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Ralph Waldo Emerson Quotes


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Make yourself necessary to somebody. Do not make life hard to any.
[Helping Other People]
 

Man is a god in ruins.
 

Man is a piece of the universe made alive.
[Man]
 

Man is physically as well as metaphysically a thing of shreds and patches, borrowed unequally from good and bad ancestors, and a misfit from the start.
 

Man was born to be rich, or grow rich by use of his faculties, by the union of thought with nature. Property is an intellectual production. The game requires coolness, right reasoning, promptness, and patience in the players. Cultivated labor drives out brute labor.
[Riches]
 

Manners require time, and nothing is more vulgar than haste.
[Haste]
 

Men achieve a certain greatness unawares, when working to another aim.
 

Men admire the man who can organize their wishes and thoughts in stone and wood and steel and brass.
 

Men are conservatives when they are least vigorous, or when they are most luxurious. They are conservatives after dinner.
 

Men are what their mothers made them. You may as well ask a loom which weaves huckaback, why it does not make cashmere, as expect poetry from this engineer, or a chemical discovery from that jobber.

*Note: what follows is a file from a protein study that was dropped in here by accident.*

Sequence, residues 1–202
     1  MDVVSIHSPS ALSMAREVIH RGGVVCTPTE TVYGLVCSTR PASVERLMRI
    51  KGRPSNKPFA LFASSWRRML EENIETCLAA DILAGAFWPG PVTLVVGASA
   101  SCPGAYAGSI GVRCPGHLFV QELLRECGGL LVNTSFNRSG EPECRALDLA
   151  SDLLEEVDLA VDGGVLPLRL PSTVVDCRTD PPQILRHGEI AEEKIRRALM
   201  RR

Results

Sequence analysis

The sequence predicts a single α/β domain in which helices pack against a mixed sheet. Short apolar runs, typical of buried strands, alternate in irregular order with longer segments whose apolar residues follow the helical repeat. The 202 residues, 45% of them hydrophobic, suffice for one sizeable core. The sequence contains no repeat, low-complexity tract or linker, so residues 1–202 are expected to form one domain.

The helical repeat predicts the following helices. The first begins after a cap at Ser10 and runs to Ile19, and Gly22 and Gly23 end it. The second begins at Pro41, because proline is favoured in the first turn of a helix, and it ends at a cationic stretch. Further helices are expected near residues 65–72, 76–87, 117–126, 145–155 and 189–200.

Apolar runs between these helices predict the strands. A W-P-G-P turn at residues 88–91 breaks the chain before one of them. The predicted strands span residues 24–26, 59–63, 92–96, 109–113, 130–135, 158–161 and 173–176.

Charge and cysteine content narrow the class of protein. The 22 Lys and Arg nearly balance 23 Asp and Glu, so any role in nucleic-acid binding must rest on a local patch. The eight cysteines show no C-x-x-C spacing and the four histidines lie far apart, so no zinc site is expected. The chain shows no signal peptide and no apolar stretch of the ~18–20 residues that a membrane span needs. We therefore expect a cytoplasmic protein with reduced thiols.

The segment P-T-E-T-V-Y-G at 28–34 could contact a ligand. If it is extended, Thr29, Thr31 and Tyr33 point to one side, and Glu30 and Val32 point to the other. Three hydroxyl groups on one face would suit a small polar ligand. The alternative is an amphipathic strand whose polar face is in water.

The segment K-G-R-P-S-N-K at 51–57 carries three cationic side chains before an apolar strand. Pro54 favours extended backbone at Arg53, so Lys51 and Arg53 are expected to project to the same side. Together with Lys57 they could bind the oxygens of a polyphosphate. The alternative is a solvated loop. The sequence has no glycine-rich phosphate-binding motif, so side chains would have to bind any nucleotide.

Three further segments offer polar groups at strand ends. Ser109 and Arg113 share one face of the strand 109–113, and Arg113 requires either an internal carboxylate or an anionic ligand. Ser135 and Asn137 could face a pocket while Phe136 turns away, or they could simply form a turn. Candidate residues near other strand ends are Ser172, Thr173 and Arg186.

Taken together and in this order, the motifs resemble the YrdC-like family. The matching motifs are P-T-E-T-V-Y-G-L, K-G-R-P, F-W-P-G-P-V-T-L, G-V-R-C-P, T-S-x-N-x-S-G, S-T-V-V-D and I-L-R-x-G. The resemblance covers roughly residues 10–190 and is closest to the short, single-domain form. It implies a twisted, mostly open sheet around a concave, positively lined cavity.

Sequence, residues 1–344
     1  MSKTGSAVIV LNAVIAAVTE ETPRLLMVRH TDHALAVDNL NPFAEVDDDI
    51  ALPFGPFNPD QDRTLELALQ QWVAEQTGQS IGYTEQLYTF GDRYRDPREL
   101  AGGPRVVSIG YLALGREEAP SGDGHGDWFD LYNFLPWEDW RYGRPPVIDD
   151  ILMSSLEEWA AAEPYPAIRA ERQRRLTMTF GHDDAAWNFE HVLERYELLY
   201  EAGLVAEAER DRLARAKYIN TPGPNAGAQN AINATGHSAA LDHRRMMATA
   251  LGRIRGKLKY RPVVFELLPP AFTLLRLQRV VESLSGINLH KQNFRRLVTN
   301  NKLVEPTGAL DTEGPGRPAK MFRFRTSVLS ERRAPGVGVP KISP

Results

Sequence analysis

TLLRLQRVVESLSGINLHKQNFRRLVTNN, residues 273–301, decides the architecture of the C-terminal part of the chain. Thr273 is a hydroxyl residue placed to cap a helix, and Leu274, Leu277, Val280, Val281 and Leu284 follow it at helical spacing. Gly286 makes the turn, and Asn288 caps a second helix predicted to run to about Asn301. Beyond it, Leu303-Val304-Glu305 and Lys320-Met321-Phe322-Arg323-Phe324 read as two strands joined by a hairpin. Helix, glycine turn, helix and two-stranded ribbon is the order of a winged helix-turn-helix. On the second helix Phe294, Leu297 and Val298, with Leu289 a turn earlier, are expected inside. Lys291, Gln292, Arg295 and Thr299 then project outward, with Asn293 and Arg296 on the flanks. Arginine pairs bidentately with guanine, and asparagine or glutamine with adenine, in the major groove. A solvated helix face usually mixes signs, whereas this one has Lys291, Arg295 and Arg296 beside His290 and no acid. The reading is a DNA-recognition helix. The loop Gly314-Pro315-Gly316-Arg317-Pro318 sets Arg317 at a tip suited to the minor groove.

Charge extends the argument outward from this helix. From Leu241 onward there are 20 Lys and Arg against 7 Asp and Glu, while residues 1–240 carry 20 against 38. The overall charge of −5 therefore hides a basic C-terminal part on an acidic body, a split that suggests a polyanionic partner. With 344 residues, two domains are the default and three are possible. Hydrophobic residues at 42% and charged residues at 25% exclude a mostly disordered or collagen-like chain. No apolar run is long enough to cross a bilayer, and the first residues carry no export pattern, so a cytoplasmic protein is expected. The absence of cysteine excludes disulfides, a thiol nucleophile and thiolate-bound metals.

[Men]
 

Men love to wonder, and that is the seed of science.
[Science]
 

Men of God have always, from time to time, walked among men, and made their commission felt in the heart and soul of the commonest hearer.
[Preaching]
 

Men run away to other countries because they are not good in their own, and run back to their own because they pass for nothing in the new places.
 

Men suffer all their life long, under the foolish superstition that they can be cheated. But it is as impossible for a man to be cheated by any one but himself, as for a thing to be and not to be at the same time.
 

Men's actions are too strong for them. Show me a man who has acted, and who has not been the victim and slave of his action.
[Action]
 

Money often costs too much.
 

Money, which represents the prose of life, and which is hardly spoken of in parlors without an apology, is, in its effects and laws, as beautiful as roses.
 

Most of the shadows of this life are caused by our standing in our own sunshine.
 

My evening visitors, if they cannot see the clock, should find the time in my face.
[Observation]
 

My friends have come to me unsought. The great God gave them to me. By oldest right, by the divine affinity of virtue with itself, I find them, or rather not I, but the Deity in me and in them derides and cancels the thick walls of individual character, relation, age, sex, circumstance, at which he usually connives, and now makes many one.
 


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